Manali’s Atal Tunnel officially termed as World’s Longest Highway tunnel above 10,000 Feet | The Financial Express

Manali’s Atal Tunnel officially termed as World’s Longest Highway tunnel above 10,000 Feet

The certification was provided by UK-based World Book of Records.

Manali’s Atal Tunnel officially termed as World’s Longest Highway tunnel above 10,000 Feet
On October 3, 2020, Prime Minister Narendra Modi inaugurated the tunnel. (Image: PTI)

Atal Tunnel, Manali: The World Book of Records has officially certified Atal Tunnel as the longest highway tunnel above 10,000 feet in the world. The ceremony for this was held in Delhi on Wednesday, and the achievement was announced by the Union Ministry of Defence. The award of ‘World’s Longest Highway Tunnel above 10,000 Feet’ was received by Border Roads Organisation Director General Lt Gen Rajeev Chaudhry, in an honour marking the achievement of the Border Roads Organisation (BRO). The tunnel, built by the BRO, connects Lahaul-Spiti Valley with Manali.

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On October 3, 2020, Prime Minister Narendra Modi inaugurated the tunnel, dedicating it to the nation. Spanning across a length of 9.02 km, the Atal Tunnel is strategically important and it runs under the Rohtang Pass. It was built on the Manali – Leh Highway and the construction took place in freezing temperatures and very difficult terrain, making the task highly daunting for the BRO. Now, the tunnel has been authentically certified as the longest one at such an altitude by the UK-based World of Records.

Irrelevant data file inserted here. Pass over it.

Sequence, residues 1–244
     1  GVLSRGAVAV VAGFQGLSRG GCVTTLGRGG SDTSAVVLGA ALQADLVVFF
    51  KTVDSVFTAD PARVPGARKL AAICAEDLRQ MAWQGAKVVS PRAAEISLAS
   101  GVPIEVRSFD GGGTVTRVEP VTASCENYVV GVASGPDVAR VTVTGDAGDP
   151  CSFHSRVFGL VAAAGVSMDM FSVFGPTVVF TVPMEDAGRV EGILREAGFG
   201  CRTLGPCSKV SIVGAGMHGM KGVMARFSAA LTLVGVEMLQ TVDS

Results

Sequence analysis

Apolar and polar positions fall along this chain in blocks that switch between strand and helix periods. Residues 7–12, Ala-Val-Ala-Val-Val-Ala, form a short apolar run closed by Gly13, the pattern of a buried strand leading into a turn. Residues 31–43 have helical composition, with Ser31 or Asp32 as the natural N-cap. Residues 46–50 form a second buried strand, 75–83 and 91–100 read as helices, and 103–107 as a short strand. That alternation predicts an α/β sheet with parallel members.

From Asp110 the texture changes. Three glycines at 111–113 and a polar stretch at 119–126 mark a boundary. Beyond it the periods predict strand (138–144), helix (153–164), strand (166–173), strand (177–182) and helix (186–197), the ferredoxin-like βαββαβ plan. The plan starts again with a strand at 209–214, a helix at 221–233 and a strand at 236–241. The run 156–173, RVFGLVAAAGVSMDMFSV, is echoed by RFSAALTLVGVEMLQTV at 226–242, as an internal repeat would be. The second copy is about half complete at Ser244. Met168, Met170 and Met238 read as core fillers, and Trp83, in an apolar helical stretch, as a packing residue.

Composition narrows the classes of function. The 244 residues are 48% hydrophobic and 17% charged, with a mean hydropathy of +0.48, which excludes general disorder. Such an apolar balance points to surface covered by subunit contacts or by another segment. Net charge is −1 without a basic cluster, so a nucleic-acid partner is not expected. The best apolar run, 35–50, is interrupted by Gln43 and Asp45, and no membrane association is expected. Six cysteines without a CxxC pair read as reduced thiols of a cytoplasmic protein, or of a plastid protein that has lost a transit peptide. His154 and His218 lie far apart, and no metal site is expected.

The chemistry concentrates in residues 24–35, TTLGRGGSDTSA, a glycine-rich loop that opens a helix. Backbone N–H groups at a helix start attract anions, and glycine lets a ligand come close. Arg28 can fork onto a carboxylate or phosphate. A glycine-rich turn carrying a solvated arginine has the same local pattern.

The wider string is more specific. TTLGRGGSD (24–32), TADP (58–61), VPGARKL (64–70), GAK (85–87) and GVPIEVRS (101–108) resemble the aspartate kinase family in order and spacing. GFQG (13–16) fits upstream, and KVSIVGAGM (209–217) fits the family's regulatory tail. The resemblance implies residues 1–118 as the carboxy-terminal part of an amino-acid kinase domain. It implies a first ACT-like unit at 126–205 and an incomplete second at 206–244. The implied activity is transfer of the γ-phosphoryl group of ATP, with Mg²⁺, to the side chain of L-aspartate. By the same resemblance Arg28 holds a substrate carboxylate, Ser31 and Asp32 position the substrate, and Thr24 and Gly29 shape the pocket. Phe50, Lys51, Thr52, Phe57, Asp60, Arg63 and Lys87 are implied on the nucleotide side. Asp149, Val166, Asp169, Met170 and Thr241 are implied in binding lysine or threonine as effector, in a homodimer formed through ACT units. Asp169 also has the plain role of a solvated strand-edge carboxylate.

The tunnel is significant because before its construction, the highway remained shut for a period of six months due to snowfall and winter. This caused Spiti and Lahaul to be completely isolated from the Indian mainland during the winter months. While the tunnel connected these two areas with India more effectively, it also reduced the distance on the Manali – Sarchu road by 46 km, due to which the travel time went down by four or five hours. With this, an all-weather connectivity has been provided on the Manali-Leh axis, the ministry said.

The construction of the tunnel itself was a challenging task that put to test technical and engineering skills, due to it having been built in harsh and challenging physical features. Not only that but during the construction work, the temperatures went down to a whopping -25 degrees during winters. Meanwhile, inside the tunnel, the temperatures also soared to close to 45 degrees.

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